Chinese CEO Of OKEx Crypto Exchange ‘Arrested’ Again; Whales Bail
OKEx users found out that they couldn’t cash their chips early Friday as the founder of the cryptocurrency exchange was ‘arrested’.
Mingxing Xu, also known as Star Xu, was reportedly being questioned by police, Chinese news agency Caixin reported today. The news from Caixin came shortly after OKEx issued an “Announcement on Suspension of Withdrawals ” of crypto assets on its platform, meaning no one could get their money out. The company’s digital coin, OKB, fell nearly 11%.
Some of the company’s key personnel are said to be cooperating with an investigation into Star Xu and that shuttered accounts as of 11:00 am in Hong Kong. The company said that “other functions of OKEx are guaranteed to be normal” and “asset security is not affected.”
Hong Kong-based crypto sources said that Xu may be being held to help an investigation into the backdoor listing of OK Group in Hong Kong in 2019 and is not related to the exchange’s withdrawal issue.
Caixin also reported that Xu had been arrested at least a week ago and had not appeared at the company for many days. Mysteries abound. He was also part of a fraud investigation in 2018.
Looking at this from a the big picture: what does this mean for the industry in China?
The OKEx case is a clear reminder for the blockchain industry in China that it needs to be totally decentralized. It proves that only when there are no key owners of an organization (such as a crypto exchange) can it be immune from political influence and interference. Some industry insiders see decentralization solutions benefiting from problems such as this, as it is a reminder that so-called DeFi projects could be scaled to industries, other than finance, in order to protect against crises exemplified by today’s OKEx withdrawal ban.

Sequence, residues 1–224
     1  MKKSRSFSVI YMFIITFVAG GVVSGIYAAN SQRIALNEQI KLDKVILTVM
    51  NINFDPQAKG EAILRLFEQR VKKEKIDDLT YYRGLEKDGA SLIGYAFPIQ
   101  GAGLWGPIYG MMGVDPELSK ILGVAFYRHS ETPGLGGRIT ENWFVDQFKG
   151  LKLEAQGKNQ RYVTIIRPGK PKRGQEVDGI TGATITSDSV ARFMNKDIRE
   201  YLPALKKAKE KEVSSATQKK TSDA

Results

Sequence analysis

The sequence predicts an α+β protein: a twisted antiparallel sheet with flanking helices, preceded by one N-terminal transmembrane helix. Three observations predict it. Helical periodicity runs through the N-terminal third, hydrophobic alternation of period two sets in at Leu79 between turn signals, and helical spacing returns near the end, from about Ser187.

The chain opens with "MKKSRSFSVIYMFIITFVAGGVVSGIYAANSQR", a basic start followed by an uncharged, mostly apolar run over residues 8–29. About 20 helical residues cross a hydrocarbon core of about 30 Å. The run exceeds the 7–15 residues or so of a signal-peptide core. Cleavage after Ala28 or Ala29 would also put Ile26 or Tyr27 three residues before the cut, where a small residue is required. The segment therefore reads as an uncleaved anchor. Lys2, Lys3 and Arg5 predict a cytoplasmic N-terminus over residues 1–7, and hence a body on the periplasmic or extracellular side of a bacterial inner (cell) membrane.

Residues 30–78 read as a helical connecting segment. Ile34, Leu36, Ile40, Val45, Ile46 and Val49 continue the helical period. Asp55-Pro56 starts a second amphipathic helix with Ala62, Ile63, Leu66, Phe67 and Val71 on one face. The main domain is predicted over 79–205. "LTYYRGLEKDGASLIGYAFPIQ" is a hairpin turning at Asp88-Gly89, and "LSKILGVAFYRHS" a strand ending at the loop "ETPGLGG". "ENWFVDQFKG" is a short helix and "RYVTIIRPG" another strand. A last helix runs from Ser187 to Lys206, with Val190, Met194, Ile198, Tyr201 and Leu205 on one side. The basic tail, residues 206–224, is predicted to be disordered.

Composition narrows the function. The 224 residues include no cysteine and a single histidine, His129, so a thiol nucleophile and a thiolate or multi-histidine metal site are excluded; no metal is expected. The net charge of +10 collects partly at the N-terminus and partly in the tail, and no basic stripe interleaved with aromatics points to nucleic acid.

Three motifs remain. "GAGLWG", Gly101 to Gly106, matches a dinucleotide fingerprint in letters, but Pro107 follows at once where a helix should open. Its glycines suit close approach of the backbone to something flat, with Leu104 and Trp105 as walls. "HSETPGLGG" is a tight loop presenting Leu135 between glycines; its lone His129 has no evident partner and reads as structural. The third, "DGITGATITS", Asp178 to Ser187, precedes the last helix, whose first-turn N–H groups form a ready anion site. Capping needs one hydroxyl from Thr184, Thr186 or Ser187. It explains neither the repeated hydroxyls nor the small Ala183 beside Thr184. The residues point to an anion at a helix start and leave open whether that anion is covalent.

Some big crypto traders are moving on the actions out of OKEx. Some $56,557,316 was transferred from OKEx to Binance today. According to data by Glassnode, a total of 10,000 BTC (around $113 million) was withdrawn in two large batches in the past 48 hours.
“Chinese traders are still able to use other trading platforms, including decentralized exchanges, so temporary difficulties with one exchange will not have a significant impact on those traders,” says Alexandr Denisov, CEO and co-founder of Deep Quant, a Russian software company specializing in algorithmic trading of cryptocurrencies. They are currently looking to partner with OKEx.
For the most part, people don’t see this as a death knell to OKEx yet, or a shot across the bow of China and Hong Kong’s crypto market.
“We don’t know yet if they did anything unlawful at OKEx,” says Kirill Bezverhi, CEO of Moscow based FinPR Agency, which works with blockchain and new tech companies in Russia. “I’m not sure that this is a sign that China has something against blockchain. In the short term, we can really see the outflow of deposits from the Chinese crypto exchanges today, simply because people are trying to reinsure themselves and protect their assets.”
OKEx is one of China’s three biggest exchanges, with more than $6 billion in daily trading volume. Some 1.1% of the circulating Bitcoin supply is held in OKEx cryptocurrency wallets.